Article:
The multi-million pound revamp of Anglia Square has been handed a further blow - after the government's heritage advisor called for the scheme to be rejected.

Historic England has formally objected to Weston Homes' plans for the shopping centre, saying the scale and mass of the development would be "fundamentally at odds" with Norwich's character.

Eastern Daily Press: Concept art for the Anglia Square revelopmentConcept art for the Anglia Square revelopment (Image: Weston Homes)

The watchdog says the plans, which include 14 buildings ranging from three to eight storeys tall, would harm the city centre conservation area, listed buildings such as St Augustine's Church and does not fit in with planning policies.

Eastern Daily Press: St Augustine's Church in NorwichSt Augustine's Church in Norwich (Image: Archant 2021)

Up to 1,100 homes are proposed at the 11.5-acre site, along with retail and commercial space.

But Historic England says the plans are a missed opportunity and is urging a significant reduction in the scale and mass of the proposals.

Tony Calladine, Historic England's East of England regional director, said: “A redevelopment of Anglia Square offers an extraordinary opportunity to repair the historic character of the area and to undo the damage caused by the development of the 1960s, which has continued to blight Norwich ever since.

“The scale, mass and architectural character in the present proposals would be fundamentally at odds with the historic city of Norwich.

"This would not represent the best development possible for the people of Norwich or the place they love.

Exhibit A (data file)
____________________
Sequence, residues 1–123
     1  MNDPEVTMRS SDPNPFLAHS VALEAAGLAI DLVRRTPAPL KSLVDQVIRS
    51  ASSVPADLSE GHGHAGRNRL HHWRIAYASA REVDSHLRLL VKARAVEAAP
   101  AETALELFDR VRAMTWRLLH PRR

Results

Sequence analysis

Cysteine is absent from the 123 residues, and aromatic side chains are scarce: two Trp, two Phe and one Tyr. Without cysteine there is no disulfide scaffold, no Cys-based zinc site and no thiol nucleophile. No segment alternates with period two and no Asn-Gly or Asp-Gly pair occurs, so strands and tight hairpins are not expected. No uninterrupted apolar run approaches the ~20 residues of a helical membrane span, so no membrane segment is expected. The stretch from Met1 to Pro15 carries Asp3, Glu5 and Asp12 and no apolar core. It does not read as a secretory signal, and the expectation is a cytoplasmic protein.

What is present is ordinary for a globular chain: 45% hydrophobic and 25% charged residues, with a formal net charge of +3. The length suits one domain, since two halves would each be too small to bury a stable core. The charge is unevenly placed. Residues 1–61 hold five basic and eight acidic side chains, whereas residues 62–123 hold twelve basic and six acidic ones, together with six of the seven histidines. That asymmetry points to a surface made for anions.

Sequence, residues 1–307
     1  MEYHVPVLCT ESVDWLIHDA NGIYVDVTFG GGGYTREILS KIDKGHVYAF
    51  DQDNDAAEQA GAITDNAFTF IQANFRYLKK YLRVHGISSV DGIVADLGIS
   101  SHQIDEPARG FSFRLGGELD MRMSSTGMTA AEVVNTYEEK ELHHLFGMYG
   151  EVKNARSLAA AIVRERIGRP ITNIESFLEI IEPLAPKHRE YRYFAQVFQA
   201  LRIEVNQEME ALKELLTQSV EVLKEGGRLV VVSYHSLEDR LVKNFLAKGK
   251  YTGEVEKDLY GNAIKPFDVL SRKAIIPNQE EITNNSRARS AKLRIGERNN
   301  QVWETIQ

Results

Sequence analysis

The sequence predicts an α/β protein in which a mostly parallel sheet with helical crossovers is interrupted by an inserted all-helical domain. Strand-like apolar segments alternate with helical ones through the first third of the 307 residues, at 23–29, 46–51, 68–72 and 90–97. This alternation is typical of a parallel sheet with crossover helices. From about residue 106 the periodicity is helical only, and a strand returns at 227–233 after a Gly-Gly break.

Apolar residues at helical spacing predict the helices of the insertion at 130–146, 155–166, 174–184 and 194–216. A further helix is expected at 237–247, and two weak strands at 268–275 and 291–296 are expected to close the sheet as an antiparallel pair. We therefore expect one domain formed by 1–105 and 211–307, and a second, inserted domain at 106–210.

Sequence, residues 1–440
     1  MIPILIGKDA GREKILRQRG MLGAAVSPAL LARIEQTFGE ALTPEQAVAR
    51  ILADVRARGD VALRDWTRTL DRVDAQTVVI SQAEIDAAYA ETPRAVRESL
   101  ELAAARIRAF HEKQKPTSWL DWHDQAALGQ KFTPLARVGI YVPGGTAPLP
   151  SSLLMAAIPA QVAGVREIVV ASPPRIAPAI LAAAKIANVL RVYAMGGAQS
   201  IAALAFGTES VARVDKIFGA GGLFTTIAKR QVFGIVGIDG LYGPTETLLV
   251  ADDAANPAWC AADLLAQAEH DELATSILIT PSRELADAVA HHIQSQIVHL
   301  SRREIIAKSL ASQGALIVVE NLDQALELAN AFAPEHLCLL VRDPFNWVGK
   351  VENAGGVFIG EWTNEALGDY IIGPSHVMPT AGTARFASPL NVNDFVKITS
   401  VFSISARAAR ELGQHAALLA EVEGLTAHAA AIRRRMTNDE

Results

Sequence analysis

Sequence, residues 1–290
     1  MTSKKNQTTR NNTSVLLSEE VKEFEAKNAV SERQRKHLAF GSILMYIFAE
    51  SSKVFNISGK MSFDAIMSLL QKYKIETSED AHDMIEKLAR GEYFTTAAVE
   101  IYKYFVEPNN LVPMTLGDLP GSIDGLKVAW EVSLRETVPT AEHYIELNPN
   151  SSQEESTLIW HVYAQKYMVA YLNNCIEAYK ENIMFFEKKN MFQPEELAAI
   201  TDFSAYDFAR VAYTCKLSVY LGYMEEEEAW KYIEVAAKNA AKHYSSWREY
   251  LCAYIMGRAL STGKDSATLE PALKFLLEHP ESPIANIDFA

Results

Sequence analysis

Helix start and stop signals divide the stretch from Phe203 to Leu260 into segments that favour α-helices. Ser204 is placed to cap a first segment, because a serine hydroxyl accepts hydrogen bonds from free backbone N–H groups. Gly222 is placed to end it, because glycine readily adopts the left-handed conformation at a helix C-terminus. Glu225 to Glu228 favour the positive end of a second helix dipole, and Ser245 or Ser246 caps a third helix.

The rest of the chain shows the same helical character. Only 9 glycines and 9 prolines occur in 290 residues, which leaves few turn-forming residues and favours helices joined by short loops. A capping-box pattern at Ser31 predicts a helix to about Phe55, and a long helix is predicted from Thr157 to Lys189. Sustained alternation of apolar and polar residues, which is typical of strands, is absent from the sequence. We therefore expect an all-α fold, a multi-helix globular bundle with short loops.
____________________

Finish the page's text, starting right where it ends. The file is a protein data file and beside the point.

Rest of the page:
“We want to see a development at Anglia Square that is worthy of the city of Norwich and which complements its historic character.

"We believe it is possible to create a development that gives local people the facilities they need, and which also fits with the historic character of the city.”

Eastern Daily Press: A concept image of plans for Norwich's Anglia Square.A concept image of plans for Norwich's Anglia Square. (Image: Weston Homes)

Previous plans for the site - which included the controversial 20-storey tower - were rejected by then local government secretary Robert Jenrick.

Eastern Daily Press: Former local government secretary Robert JenrickFormer local government secretary Robert Jenrick (Image: PA Archive/PA Images)

Historic England was among organisations which had asked the government to intervene over those plans, after they had been approved by Norwich City Council's planning committee.

The revised plans have also garnered objections from the Norwich Society and from SAVE Britain's Heritage.

Weston Homes did not want to comment.